These are exciting days to be a Christ-follower who is committed to the historic Christian faith in the Wesleyan tradition. I know that there is much that we would want to be different in The United Methodist Church. The rumors, innuendo, misrepresentations of truth, and partisan attacks can distract from what Jesus is doing in our midst. The continued uncertainty of what might occur at the General Conference in Minneapolis in May 2020 is paralyzing for too many. Many are grieving and just coming to terms with the loss of something. Nevertheless, I believe we are in that space just before the storm clears. I can see a new day dawning for the people called Methodist.
The prophet Joel declared, “I will pour out my Spirit upon all people. Your sons and daughters will prophesy. Your old men will dream dreams, and your young men will see visions. In those days I will pour out my Spirit even on servants – men and women alike.” I have been dreaming dreams and captivated by the vision that the Holy Spirit is imparting to us. And that has led me to play the “What if” game.
In virtually every corner of the UM Church, there is an acknowledgment that the 2020 General Conference must be different than preceding General Conferences and most especially different from the 2019 special General Conference. As a people, we are tired of seeing the only body capable of speaking on behalf of the UM Church be ineffective and the prisoner of the same tired controversies that we have repeatedly addressed and supposedly resolved. We are also tired of watching those who have taken vows to be governed by the Book of Discipline ignore the decisions of General Conference. A church which descends into lawlessness, as ours has, loses all moral authority to speak prophetically to a world desperately in need of Good News. When a shepherd ignores the revealed word of God and refuses to submit to the authority of his or her ordination, that shepherd loses the ability to guide others along the way.
Those on opposing sides of our decades long conflict are passionately committed to our respective convictions. Increasingly the irreconcilable nature of our differences is being acknowledged. The very house we all live in is collapsing. No longer can we live in different rooms in the same house. Many understand that we need to live in different homes in the same neighborhood. There is nothing wrong with that. Space will give us room to bless one another. Space will free each of us to focus outwardly in mission toward a world that desperately needs to receive the Good News of Jesus Christ. Proximity – living in the same house – has turned us inward. We spend our time contending with each other. And we are failing in our mission as a church.
What if . . . we freed each other passionately and unapologetically to pursue our understandings of the Wesleyan faith through new expressions which would be birthed out of the UM Church? What if . . . those new expressions were unhindered by the internecine warfare with others who had a different understanding of the Wesleyan faith? Could we each reach people for Jesus Christ that we are not reaching now? Could we each introduce people to Jesus that the other might not reach? Is it possible that by choosing to live in different houses in the same neighborhood, God’s kingdom might multiply and all of our churches might grow? Might we return to our primary mission of making disciples of Jesus Christ? And might the kingdoms of this world move more rapidly to become the kingdom of our God and King, Jesus?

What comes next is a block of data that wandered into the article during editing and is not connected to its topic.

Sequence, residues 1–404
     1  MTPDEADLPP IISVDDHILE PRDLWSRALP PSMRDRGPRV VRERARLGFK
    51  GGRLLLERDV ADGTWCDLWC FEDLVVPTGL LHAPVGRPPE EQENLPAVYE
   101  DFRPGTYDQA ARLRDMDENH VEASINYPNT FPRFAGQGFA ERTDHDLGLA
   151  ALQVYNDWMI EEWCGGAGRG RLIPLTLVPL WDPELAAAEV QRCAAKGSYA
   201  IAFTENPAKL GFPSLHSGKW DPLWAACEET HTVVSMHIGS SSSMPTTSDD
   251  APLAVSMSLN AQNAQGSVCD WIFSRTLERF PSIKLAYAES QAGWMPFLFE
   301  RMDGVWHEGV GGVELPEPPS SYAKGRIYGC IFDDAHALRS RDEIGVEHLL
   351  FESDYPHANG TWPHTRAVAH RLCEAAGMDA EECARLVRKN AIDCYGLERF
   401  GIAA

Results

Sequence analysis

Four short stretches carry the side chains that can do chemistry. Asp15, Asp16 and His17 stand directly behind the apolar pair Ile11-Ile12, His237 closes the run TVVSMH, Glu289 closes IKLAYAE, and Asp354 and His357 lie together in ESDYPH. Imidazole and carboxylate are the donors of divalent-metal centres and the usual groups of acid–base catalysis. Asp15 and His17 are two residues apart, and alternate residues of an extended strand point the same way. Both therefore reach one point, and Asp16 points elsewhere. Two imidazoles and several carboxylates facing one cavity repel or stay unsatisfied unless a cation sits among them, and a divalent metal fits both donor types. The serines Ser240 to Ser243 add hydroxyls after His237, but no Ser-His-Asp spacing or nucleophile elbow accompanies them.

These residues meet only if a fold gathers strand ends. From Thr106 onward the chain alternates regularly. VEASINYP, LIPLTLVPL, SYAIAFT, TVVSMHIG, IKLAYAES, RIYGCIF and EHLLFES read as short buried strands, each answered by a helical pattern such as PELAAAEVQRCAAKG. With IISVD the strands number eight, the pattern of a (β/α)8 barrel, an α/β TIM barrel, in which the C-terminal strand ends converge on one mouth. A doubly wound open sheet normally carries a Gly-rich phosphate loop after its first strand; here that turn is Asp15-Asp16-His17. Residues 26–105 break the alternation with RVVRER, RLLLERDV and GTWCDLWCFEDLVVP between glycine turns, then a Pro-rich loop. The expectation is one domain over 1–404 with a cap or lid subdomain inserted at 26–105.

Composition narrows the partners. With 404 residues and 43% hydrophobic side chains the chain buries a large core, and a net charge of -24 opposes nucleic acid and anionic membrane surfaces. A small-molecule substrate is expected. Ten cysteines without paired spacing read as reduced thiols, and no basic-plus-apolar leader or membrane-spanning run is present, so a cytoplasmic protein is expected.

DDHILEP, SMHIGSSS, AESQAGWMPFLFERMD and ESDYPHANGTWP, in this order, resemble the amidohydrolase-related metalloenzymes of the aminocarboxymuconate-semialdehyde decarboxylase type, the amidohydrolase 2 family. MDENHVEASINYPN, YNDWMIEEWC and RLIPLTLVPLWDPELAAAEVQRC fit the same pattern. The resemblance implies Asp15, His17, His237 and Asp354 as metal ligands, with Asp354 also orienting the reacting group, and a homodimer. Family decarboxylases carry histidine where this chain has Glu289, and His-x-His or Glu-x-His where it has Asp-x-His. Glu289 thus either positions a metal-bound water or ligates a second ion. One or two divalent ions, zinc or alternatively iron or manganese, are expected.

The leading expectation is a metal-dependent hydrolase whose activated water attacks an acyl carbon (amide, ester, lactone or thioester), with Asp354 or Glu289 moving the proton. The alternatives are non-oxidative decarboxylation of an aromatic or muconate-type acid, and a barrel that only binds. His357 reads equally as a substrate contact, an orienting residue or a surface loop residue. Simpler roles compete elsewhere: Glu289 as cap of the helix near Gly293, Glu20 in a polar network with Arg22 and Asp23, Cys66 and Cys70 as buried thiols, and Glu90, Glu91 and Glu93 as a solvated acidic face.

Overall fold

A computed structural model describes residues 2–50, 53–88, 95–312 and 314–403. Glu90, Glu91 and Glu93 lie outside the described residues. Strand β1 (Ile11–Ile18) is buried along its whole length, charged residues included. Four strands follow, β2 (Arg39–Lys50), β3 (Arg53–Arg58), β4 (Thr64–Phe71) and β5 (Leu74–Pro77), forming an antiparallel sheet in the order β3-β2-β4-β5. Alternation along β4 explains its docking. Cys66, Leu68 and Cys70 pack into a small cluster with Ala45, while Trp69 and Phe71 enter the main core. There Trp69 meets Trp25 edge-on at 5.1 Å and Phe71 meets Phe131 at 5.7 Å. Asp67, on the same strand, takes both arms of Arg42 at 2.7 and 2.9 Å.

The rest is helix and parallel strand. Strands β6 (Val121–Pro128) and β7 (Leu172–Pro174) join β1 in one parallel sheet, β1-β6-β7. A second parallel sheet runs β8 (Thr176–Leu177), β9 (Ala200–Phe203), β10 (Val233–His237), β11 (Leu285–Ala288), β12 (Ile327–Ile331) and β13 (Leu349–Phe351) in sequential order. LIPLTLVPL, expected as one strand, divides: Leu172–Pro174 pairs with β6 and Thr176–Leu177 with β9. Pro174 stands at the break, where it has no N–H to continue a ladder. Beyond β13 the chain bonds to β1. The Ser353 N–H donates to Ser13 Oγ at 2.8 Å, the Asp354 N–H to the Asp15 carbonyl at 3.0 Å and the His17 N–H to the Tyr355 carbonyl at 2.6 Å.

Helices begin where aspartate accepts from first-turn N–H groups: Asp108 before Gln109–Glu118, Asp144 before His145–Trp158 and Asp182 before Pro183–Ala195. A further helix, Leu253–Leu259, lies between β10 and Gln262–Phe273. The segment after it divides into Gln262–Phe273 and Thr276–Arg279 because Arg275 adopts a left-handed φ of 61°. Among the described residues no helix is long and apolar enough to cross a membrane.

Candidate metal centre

I know, we are each convinced of the rightness of our convictions. But our convictions are in conflict. Some think our differences don’t matter. We should live and let live. But others believe our “Yes” should be “Yes,” and our “No” should be “No.” We differ on our “Yes” and our “No,” and we know how we answer is important.
Theological alignment matters. In the Wesleyan Covenant Association, we have discovered how much easier it is to focus on and advance the mission when the foundation of our house is settled. Our gatherings, even the legislative sessions, are joy-filled – not places of stress. I am confident that others will find such liberation when they are in the same house with others who share their theological commitments.
Diversity is important. I always learn from those who are passionately committed to convictions that diverge from mine and I will still do so even if we live in different houses in the same neighborhood. But we cannot continue to live in the same house where the foundation is crumbling because of the warfare constantly waged across the rooms of the house.
Perhaps it’s time to shift our focus to birthing new expressions of United Methodism rather than girding ourselves for the next chapter of a never-ending conflict that is destroying our expression of the Christian faith and damaging our witness.
In recent weeks, WCA Council and staff members have been engaged in significant conversations with others from across the theological spectrum. The conversations are intense and sensitive. Confidentiality enables candid exchanges and encourages risk-taking. The outcome is uncertain, but we are unwavering in our resolve to model for a doubting world that we can love one another in our differences, bless one another in our parting, aid one another in birthing more vibrant expressions of our faith, and send one another into fields ripe for harvest. As we can, we will share developments with you. We definitely welcome your prayers.
By Keith Boyette
July 26th, 2019
The Rev. Keith Boyette is the president of the Wesleyan Covenant Association and an elder in the Virginia Conference of The United Methodist Church.